IPCC     Intergovernmental Panel on Climate Change               Climate and vector borne diseases. American Journal
                                                                 of Preventive Medicine 35, 436–50
OIE      World Organisation for Animal Health
                                                                 Ims, R A, Henden, J-A & Killengreen, S T (2008).
RVF      Rift Valley fever
                                                                 Collapsing population cycles. Trends in Ecology and
SARS     Severe acute respiratory syndrome                       Evolution 23, 79–86

TBE      Tick-borne encephalitis                                 Institute of Medicine (2008). Global climate change
                                                                 and extreme weather events: understanding
WHO      World Health Organization                               the potential contributions to the emergence,
WNF      West Nile fever                                         re-emergence, and spread of infectious disease.
                                                                 Workshop summary
WNV      West Nile virus
                                                                 Jones, K E, Patel, N G, Levy, M A, Storeygard, A, Balk,
                                                                 D, Gittleman, J L & Daszak, P (2008). Global trends in
References                                                       emerging infectious diseases. Nature 451, 990–3
Anon (2009). Animal farm: pig in the middle. Nature
459, 889                                                         Lafferty, K D (2009). The ecology of climate change
                                                                 and infectious diseases. Ecology 90, 888–90
Campbell-Lendrum, D, Bertollini, R, Neira, M, Ebi, K &
McMichael, A (2009). Health and climate change:                  Menne, B, Apfel, F, Kovats, S & Racioppi, F (2008).
a roadmap for applied research. Lancet 373, 1663–5               Protecting health in Europe from climate change.
                                                                 WHO, available at
de la Rocque, S, Morand, S & Hendricks, G (2008).
Climate change: impact on the epidemiology and
control of animal diseases. OIE Scientific and Technical          Neira, M, Bertollini, R, Campbell-Lendrum, D &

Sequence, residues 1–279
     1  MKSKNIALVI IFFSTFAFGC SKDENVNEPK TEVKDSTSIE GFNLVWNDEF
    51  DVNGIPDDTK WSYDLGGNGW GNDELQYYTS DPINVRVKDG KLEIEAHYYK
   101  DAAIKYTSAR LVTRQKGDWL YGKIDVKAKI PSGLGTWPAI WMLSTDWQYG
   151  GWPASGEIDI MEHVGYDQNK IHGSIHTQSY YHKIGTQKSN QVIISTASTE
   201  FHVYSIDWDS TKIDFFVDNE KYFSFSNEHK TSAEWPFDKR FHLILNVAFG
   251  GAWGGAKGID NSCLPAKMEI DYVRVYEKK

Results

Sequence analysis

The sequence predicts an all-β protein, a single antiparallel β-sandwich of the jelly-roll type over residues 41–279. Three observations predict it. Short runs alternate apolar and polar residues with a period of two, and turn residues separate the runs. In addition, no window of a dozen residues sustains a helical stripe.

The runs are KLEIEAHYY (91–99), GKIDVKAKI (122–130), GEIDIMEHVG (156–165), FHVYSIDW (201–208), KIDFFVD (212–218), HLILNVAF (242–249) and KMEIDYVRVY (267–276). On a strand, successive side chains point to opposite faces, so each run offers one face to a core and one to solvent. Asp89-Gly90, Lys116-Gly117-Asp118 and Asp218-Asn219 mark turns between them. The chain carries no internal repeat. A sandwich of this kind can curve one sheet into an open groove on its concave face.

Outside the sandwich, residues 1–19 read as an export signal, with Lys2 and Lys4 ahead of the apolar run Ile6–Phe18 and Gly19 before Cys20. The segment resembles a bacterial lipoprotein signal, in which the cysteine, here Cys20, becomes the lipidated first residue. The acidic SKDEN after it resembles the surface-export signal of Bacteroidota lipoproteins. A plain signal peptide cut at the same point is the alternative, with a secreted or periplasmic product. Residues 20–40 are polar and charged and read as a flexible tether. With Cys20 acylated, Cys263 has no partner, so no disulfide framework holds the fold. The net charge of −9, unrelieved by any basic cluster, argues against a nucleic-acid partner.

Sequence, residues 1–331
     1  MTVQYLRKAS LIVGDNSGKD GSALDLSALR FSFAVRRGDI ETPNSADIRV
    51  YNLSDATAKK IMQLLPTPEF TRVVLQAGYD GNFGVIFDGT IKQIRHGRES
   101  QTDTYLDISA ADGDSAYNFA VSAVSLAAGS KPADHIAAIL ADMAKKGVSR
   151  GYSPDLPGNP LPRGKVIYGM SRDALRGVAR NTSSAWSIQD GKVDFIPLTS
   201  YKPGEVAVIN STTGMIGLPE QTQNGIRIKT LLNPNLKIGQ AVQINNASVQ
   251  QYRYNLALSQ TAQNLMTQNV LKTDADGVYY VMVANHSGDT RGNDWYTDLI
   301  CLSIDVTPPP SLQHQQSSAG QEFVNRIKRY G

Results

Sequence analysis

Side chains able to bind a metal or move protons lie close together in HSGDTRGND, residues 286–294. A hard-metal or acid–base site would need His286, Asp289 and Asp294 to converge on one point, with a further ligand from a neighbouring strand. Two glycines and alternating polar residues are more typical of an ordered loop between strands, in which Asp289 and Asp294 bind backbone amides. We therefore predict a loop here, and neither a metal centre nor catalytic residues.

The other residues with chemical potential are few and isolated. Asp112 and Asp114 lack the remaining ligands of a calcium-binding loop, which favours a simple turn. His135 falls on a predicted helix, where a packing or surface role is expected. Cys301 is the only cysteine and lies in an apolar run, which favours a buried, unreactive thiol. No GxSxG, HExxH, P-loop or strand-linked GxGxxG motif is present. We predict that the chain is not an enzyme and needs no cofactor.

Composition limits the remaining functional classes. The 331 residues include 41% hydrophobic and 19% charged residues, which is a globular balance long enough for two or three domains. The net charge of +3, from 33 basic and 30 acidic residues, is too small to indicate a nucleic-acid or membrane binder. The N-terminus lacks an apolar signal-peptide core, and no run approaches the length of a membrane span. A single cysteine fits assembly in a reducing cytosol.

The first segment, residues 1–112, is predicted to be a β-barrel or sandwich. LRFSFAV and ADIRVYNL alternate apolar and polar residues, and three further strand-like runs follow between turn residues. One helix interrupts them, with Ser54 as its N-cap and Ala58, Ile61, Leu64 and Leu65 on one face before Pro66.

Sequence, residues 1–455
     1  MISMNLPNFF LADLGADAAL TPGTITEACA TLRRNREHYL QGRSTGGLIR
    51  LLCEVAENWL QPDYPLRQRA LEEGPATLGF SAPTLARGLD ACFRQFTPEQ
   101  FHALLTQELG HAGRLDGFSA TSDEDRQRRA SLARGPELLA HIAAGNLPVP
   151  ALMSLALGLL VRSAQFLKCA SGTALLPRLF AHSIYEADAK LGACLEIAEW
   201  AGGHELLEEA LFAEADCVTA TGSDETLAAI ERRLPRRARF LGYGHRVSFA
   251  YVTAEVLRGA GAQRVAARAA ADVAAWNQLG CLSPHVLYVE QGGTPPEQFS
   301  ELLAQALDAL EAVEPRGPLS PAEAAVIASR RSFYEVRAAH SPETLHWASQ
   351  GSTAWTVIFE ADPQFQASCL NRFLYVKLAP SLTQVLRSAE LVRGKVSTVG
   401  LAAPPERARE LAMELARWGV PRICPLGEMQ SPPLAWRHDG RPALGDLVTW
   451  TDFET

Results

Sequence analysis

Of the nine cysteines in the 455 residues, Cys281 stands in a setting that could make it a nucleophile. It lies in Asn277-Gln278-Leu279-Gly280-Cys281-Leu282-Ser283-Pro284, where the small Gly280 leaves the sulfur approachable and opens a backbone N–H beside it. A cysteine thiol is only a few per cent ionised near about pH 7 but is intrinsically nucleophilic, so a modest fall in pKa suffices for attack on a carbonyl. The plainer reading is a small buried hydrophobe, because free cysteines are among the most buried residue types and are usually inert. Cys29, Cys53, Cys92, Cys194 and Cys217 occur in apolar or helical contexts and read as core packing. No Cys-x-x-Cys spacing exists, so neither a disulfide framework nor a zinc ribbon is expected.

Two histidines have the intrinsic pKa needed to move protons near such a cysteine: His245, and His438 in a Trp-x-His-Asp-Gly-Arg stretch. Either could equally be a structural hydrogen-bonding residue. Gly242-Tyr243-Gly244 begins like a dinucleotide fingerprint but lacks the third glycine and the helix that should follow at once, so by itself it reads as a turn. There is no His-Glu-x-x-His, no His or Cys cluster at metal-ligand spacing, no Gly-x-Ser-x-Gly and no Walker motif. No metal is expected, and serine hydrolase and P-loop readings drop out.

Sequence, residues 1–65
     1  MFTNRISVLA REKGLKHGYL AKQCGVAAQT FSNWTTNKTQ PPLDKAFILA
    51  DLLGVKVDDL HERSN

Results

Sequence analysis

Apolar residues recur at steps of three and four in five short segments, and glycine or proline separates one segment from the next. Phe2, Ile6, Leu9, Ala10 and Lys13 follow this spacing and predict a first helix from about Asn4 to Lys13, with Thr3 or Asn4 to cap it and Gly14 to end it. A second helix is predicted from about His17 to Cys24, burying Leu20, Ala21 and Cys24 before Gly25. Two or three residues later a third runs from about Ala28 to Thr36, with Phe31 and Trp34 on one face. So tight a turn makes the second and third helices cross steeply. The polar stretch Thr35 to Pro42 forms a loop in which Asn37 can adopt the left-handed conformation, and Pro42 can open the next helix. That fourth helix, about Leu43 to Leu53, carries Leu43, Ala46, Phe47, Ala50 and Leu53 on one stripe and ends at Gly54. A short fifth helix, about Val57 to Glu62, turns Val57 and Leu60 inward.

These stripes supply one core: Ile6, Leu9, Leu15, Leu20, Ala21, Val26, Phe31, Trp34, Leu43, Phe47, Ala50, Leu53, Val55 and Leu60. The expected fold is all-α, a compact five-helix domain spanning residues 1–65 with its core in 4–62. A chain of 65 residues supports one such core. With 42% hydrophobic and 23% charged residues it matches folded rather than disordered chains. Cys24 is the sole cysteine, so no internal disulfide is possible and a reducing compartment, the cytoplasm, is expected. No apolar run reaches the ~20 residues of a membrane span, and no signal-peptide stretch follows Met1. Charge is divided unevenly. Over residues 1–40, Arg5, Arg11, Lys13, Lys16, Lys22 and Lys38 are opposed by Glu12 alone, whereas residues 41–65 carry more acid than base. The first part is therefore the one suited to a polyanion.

Review 27, special issue                                         Heymann, D L (2008). The year 2008. A breakthrough
                                                                 year for health protection from climate change?
Dobson, A (2009). Climate variability, global change,
                                                                 American Journal of Preventive Medicine 35, 424–5
immunity and the dynamics of infectious diseases.
Ecology 90, 920–7                                                Pallen, M J & Wren, B W (2007). Bacterial
                                                                 pathogenomics. Nature 449, 835–42
Dufour, B, Moutou, F, Hattenberger, A M & Rodhain,
F (2008). Global change: impact, management, risk                Randolph, S E (2009). Perspectives on climate change
approach and health measures – the case of Europe.               impacts on infectious disease. Ecology 90, 927–31
OIE Scientific and Technical Review 27, 541–50
                                                                 Ready, P D (2008). Leishmaniasis emergence and
EASAC (2006). Vaccines: innovation and human                     climate change. OIE Scientific and Technical Review 27,
health. London: EASAC                                            399–412

14 | March 2010 | Climate change and infectious diseases: the view from EASAC
Schroder, W & Gunther, G (2008). Spatial modelling          Straetemans, M on behalf of the ECDC consultation
of the potential temperature-dependent transmission         group on vector-related risk for chikungunya